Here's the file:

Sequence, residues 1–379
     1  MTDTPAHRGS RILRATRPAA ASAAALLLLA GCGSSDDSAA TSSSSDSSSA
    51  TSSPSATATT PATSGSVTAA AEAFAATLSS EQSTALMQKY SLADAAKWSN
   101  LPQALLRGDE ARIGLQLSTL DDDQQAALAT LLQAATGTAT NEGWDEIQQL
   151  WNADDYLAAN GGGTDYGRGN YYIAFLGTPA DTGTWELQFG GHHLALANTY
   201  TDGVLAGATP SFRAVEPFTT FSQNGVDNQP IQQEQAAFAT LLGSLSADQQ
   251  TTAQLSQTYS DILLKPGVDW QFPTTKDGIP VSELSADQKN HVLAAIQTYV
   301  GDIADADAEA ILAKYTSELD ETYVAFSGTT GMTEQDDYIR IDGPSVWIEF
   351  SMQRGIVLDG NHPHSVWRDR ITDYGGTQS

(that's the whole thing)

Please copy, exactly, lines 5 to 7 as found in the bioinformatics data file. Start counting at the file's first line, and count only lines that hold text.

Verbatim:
   151  WNADDYLAAN GGGTDYGRGN YYIAFLGTPA DTGTWELQFG GHHLALANTY
   201  TDGVLAGATP SFRAVEPFTT FSQNGVDNQP IQQEQAAFAT LLGSLSADQQ
   251  TTAQLSQTYS DILLKPGVDW QFPTTKDGIP VSELSADQKN HVLAAIQTYV